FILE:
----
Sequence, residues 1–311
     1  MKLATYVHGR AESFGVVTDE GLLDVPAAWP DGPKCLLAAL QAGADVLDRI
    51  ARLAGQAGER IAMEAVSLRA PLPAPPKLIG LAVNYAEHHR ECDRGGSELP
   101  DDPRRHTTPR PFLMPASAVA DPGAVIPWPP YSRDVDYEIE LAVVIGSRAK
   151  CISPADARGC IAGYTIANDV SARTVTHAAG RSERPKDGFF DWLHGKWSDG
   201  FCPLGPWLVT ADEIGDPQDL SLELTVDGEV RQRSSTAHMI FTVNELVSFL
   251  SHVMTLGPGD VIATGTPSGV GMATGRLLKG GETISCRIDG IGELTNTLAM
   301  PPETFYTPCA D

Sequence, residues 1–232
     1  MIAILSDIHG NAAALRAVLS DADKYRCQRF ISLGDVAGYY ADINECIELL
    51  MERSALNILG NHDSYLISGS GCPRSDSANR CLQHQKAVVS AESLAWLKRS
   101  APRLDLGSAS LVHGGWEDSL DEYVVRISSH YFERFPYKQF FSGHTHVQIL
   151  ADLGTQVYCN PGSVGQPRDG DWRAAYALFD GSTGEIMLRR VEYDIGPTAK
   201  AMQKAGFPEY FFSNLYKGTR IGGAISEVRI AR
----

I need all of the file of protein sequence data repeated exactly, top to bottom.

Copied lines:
Sequence, residues 1–311
     1  MKLATYVHGR AESFGVVTDE GLLDVPAAWP DGPKCLLAAL QAGADVLDRI
    51  ARLAGQAGER IAMEAVSLRA PLPAPPKLIG LAVNYAEHHR ECDRGGSELP
   101  DDPRRHTTPR PFLMPASAVA DPGAVIPWPP YSRDVDYEIE LAVVIGSRAK
   151  CISPADARGC IAGYTIANDV SARTVTHAAG RSERPKDGFF DWLHGKWSDG
   201  FCPLGPWLVT ADEIGDPQDL SLELTVDGEV RQRSSTAHMI FTVNELVSFL
   251  SHVMTLGPGD VIATGTPSGV GMATGRLLKG GETISCRIDG IGELTNTLAM
   301  PPETFYTPCA D

Sequence, residues 1–232
     1  MIAILSDIHG NAAALRAVLS DADKYRCQRF ISLGDVAGYY ADINECIELL
    51  MERSALNILG NHDSYLISGS GCPRSDSANR CLQHQKAVVS AESLAWLKRS
   101  APRLDLGSAS LVHGGWEDSL DEYVVRISSH YFERFPYKQF FSGHTHVQIL
   151  ADLGTQVYCN PGSVGQPRDG DWRAAYALFD GSTGEIMLRR VEYDIGPTAK
   201  AMQKAGFPEY FFSNLYKGTR IGGAISEVRI AR